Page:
Looking for help setting up a machine learning test to find "virility"


(Yehosef) #1

I'm testing x-pack and the machine learning, and I'm trying to develop a test case to test its effectiveness and usefulness for my application.

The idea is that I'm tracking posts on a site and I'm watching a few metrics: age, number of comments, score (up+down votes). I want to identify posts that are going to "go viral" early on.

The idea seems very similar to the general case of looking for anomalies - most posts have a growth pattern within a certain range, I'm looking for things that are "anomalous" and exceed that range.

Are there examples like this or do you have any suggestions how I would approach it?


(rich collier) #2

yehosef - I think your best bet in this case is to use population analysis. In this case, the population would be all "posts" (thus you'd have to make the over_field_name set to the field that identifies the posts, like a post_id). Then, as a function, you could count the number of documents (assuming the existence of each document represents a re-post). An example configuration (requires use of Advanced Job) would be something like:

count over post_id

In this way, ML will look for post_ids that have a higher number of documents in the index, per unit time (bucket_span) than the "typical" post.

If your data instead has a field that captures the number of posts per unit time (i.e. num_posts) then you would have to use something more like:

sum(num_posts) over post_id

But, without knowing how your data looks or its characteristics, the above is only speculative.


(Yehosef) #3

Hi Rich,

Thanks for the info and suggestions.

I should have explained better how I'm modeling the data. There is an index for the posts themselves with the post data, title, text, author, etc. It's also has the score, num comments, etc but I don't think with data alone you'd be able to do much since it's changing.. but I'm not sure.

I'm going to have another index called "history" that would have the post id, and the changes from the last measurement point - eg score changed +1, number of comments changed +4, etc. I could include the post age in the history table and I could include the raw scores there also if that helped.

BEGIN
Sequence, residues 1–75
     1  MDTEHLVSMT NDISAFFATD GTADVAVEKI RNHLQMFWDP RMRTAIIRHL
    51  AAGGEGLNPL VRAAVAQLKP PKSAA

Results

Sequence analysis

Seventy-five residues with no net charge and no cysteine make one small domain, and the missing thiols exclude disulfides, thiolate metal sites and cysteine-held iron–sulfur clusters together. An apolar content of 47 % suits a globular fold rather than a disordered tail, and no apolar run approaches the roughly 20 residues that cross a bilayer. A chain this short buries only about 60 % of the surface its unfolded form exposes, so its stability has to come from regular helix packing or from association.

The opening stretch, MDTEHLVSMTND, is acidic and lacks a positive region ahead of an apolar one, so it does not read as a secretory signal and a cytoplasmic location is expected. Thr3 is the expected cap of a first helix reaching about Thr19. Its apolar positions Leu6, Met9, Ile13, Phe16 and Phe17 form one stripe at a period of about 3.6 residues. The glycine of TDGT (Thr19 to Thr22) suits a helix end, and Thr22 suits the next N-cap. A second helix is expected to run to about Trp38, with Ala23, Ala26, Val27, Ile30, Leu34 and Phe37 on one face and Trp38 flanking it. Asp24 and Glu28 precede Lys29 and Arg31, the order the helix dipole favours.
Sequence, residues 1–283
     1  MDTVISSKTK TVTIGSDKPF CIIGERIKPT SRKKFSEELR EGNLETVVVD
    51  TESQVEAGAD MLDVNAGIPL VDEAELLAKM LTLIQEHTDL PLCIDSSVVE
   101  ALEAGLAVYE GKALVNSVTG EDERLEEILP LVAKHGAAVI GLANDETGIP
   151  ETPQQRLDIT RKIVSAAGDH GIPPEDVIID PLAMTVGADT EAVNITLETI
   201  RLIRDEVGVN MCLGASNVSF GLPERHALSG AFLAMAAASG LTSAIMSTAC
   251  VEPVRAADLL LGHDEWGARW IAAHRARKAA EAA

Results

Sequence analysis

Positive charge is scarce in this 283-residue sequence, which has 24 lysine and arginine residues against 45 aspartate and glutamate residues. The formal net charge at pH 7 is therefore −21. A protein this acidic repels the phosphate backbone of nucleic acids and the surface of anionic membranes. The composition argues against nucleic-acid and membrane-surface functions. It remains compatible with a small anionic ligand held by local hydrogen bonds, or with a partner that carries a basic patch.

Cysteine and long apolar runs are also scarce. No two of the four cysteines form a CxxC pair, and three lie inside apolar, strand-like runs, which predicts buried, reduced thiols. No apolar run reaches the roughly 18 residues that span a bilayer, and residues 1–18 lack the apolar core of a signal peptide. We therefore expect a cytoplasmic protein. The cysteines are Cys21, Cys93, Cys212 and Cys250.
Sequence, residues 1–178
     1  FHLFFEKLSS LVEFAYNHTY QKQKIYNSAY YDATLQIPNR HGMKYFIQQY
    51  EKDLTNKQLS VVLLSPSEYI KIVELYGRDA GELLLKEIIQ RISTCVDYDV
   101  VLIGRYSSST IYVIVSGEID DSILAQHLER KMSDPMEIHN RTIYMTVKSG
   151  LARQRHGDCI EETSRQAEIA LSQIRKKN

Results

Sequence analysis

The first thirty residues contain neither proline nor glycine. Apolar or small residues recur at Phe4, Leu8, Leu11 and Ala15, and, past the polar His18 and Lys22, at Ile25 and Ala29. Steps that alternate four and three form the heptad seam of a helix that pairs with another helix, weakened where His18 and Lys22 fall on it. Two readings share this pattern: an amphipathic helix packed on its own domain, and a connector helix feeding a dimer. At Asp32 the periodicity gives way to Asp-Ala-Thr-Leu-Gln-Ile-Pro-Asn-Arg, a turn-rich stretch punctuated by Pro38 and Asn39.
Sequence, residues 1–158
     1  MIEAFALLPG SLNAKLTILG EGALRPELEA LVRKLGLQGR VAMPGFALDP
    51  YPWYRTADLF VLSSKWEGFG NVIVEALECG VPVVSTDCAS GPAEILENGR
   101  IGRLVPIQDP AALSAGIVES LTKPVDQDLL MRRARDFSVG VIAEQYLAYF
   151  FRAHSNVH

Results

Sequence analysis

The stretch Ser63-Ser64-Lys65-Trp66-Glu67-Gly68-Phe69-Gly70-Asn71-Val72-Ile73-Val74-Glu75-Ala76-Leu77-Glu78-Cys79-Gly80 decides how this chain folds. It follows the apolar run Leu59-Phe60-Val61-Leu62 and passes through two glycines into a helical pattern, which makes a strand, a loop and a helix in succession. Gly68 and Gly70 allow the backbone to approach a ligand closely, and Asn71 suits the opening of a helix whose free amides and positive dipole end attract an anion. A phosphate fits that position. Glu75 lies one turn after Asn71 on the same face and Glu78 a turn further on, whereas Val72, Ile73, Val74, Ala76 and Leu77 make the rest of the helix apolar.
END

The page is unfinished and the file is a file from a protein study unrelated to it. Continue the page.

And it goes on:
The measurement points are relatively frequent (up to 2/minute), though only there when there is a change. There should be no history entry without a change - though sometimes there is a change of the title, etc so there might not be a score change - but that's rare. So each change will probably be only +1 or sometimes +2. I could also use the raw values of score and num_comments compared to age to get the rate of change.

The way I'm doing it, the number of documents in the change set over time will roughly correspond to the growth, but I think it would be better to use a metric connected to the values/rates.

Does that help? Thanks for your time.


(rich collier) #4

Seems like the history index is the one to use for ML. I think things would work best if you periodically captured the number of updates/comments. So for example, in a 5 minute window, a particular post_id may have entries that look like this (very simplified):

...
{@timestamp: 00:00:00, post_id: 58dj233, num_new_comments:5, num_new_votes:5}
{@timestamp: 00:01:00, post_id: 58dj233, num_new_comments:10, num_new_votes:5}
{@timestamp: 00:02:00, post_id: 58dj233, num_new_comments:10, num_new_votes:10}
{@timestamp: 00:03:00, post_id: 58dj233, num_new_comments:75, num_new_votes:50}
{@timestamp: 00:04:00, post_id: 58dj233, num_new_comments:100, num_new_votes:75}
{@timestamp: 00:05:00, post_id: 58dj233, num_new_comments:200, num_new_votes:100}
...

If the data were bucketed into 5 min bucket_spans, then you could see that the bucket of 00:00:00 to 00:04:59 would have sum(num_new_comments)=200 and sum(num_new_votes)=145. (The data for 00:05:00 will go into the next bucket).

ML could determine if the sum(num_new_comments) per 5 mins for post_id:58dj233 is unusual compared to the typical post_id.


(Yehosef) #5

Thanks!

Would I be able to get this data via an date_histogram aggregation - or i would need to store it that way. Meaning, I'm storing it more granularly for other reasons. Doing a date/time aggregation on that data would group it into data that looks like what you have. But would that be ok, or would I need an index to have that data directly?

Also, is it possible to have a scripted metric as an input to the ML? eg, number_comments/age_in_minutes.


(Yehosef) #6

NM - I misread your post - I can use the aggregations, which is great. (I got thrown off that the sum(num_new_comments)=200 and the num_new_comments:200 at the 5 minute mark..)


(Yehosef) #7

Does that machine learning look at each metric independently or look at them collectively? Eg, it may be common for something to get 100 new votes or 20 new comments, but to get 100 new votes AND 20 new comments is special.


(rich collier) #8

The sum() function in ML is acting like an aggregation already. However, with that said, it turns out that you can use an Elasticsearch aggregation instead by modifying the underlying query the Datafeed uses (and you'll have to set summary_count_field to be doc.count from the output of aggregation (see: https://www.elastic.co/guide/en/x-pack/5.4/ml-gs-jobs.html for ). This is a little tricky to config since there is a fair amount of hand-editing to the job.

Yes, you can also use scripted fields as part of the ML detector.

Right now, the ML will detect anomalies on each field independently, but the aggregated job anomaly score will reflect the unusualness taking into account multiple detectors in the job.


(Yehosef) #9

great - thanks for the info!


(system) #10

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